Being successful at a job interview can be down to small margins. One way of getting an edge is to adjust good practices by making them better practices. Think of what you can gain by not following what everybody else is doing. With competition fierce and little to choose between candidates, making a 1% difference to your approach to answering questions from a job interviewer can make all the difference.
You may be familiar with the STAR and CAR (context, action, result) frameworks for responding to competency or behavioural questions like ‘Tell me about a challenging situation you faced and how you dealt with it’ or ‘Describe a time when you demonstrated effective teamworking skills’.
Job interviewers are also familiar with STAR. It’s a perfectly valid way of showing you can do what is required in the job role. A challenge is to avoid sounding like a robot as you tick off all the boxes. Employers want your personality to shine through. How can you bring the STAR approach to life and be distinctive?
Recognising your talents
Here’s a version called Be a STARR that I’ve developed with careers adviser, Alexa-Jane Moore. We’ve added a B for Belief to bring in culture fit and values alignment, and an R for Reflect to bring in self-awareness and a learning mindset. Let’s say the question is about teamworking:
- Belief: what do you believe about teamworking? For example, not letting team mates down or the value of diversity. Why is that important to you? How does that fit with the employer’s values and how they do things there?
- Situation: what was the context? Be brief!
- Task: what was your specific responsibility? Say ‘I’ not ‘we’
- Action: what did you actually do? Ditto
- Result: what impact did you have? On other people or performance
- Reflect: what have you learned from this experience of teamworking? How will you use that learning here?
Valuing your talents
Saying what you believe, what you did and what you learned are still not enough to nail your response. You have to go one important step further and explicitly make the link for the employer about how your example is relevant for that job, the value they would gain if they employed you and how what you value fits with the way they approach teamworking.]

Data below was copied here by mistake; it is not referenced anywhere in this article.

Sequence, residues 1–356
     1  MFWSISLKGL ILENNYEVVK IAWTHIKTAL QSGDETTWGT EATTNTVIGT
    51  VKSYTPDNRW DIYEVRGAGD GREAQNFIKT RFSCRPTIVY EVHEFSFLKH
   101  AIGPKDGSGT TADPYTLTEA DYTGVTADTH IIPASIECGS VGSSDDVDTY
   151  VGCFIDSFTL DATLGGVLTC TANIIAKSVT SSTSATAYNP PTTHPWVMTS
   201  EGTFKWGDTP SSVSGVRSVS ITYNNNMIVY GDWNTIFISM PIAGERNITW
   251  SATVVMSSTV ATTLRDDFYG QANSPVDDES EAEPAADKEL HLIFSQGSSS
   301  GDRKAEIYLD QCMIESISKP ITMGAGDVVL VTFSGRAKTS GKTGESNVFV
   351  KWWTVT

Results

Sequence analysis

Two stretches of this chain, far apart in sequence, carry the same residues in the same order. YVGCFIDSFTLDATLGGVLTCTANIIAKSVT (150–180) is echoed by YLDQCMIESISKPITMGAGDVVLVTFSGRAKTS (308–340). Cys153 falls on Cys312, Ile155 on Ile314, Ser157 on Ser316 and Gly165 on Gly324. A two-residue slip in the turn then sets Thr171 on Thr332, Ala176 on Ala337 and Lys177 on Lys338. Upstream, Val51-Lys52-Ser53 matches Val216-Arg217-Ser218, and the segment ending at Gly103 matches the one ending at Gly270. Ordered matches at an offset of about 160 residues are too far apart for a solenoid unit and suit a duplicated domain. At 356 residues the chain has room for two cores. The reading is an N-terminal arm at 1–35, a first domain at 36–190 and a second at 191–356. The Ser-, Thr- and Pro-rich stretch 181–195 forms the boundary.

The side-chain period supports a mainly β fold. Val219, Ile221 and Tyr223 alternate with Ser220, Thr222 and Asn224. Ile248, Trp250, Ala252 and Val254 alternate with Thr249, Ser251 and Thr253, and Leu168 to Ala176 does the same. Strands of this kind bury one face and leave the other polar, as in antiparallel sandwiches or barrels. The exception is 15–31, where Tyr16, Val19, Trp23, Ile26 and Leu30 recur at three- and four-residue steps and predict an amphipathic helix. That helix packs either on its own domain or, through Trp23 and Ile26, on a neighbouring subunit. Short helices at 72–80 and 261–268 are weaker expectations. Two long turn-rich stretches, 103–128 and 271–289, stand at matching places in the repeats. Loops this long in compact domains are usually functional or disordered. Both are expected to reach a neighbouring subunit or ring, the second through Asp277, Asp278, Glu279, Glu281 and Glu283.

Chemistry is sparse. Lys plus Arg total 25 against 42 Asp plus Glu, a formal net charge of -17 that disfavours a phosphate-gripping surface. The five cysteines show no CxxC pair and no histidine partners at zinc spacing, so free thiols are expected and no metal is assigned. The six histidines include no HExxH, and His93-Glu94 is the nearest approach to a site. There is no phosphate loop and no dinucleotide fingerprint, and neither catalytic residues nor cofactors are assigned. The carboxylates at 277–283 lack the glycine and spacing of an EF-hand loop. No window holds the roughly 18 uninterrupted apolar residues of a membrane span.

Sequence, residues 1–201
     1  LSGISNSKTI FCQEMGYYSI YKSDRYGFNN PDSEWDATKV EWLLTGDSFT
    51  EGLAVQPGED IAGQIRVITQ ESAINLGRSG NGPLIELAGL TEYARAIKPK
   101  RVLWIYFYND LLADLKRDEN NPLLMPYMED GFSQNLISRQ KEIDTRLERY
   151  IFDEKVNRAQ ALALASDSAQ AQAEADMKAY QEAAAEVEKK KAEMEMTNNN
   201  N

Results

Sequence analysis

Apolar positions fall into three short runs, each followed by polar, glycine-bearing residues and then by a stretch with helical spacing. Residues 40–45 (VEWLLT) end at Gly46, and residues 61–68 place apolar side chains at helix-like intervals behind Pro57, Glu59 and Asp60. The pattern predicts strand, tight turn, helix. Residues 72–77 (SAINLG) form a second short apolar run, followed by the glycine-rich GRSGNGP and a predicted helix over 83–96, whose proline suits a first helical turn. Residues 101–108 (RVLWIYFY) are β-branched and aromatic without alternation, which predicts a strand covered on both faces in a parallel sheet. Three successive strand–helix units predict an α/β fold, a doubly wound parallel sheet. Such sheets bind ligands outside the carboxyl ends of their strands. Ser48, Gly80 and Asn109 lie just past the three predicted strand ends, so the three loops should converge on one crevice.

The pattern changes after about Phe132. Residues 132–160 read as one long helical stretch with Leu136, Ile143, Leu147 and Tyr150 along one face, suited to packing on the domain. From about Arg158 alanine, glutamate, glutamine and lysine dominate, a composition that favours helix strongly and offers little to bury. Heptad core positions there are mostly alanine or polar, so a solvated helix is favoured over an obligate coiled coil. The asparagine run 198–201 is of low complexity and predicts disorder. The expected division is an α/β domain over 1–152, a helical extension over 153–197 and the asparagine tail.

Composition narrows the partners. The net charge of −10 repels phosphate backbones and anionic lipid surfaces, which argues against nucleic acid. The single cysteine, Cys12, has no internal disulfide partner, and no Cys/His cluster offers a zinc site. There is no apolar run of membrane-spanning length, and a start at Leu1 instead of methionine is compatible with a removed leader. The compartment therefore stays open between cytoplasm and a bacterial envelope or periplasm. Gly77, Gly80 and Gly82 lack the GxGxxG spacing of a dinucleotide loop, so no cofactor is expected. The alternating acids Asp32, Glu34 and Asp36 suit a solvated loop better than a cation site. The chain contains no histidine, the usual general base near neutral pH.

Language can make a difference here. Interviewers will look for keywords used in the essential criteria for the job. They also want you to spell out how you will contribute to making them more efficient and effective. Employers are interested in people who can:
- Increase sales/profits/turnover/funds
- Use old things in a new way
- Provide more information
- Improve appearance
- Organise it
- Get it done more quickly
- Develop people’s performance
- Improve teamwork and relationships
- Introduce new systems
- Avoid potential problems
- Cut costs
- Reduce the risks
- Meet deadlines
- Turn round a bad situation
For example, once you have outlined your teamworking credentials using Be a STARR, you might say (depending on the role requirement):
“You’ll be able to count on me here because I’ll be great for your team’s morale”
“If you employ me, you will get a reliable team player who is prepared to have a go and won’t let colleagues down in a crisis”
“My proven skills in…. will help improve your… Here are a couple of my ideas…”
Saying what you did and how you did it are never enough. Show the difference you made. Then join up the dots up by stepping out of your own shoes and into the shoes of the employer. Enthuse them with the value they will gain from recruiting you for that specific role.
Are you ready to put stars in their eyes?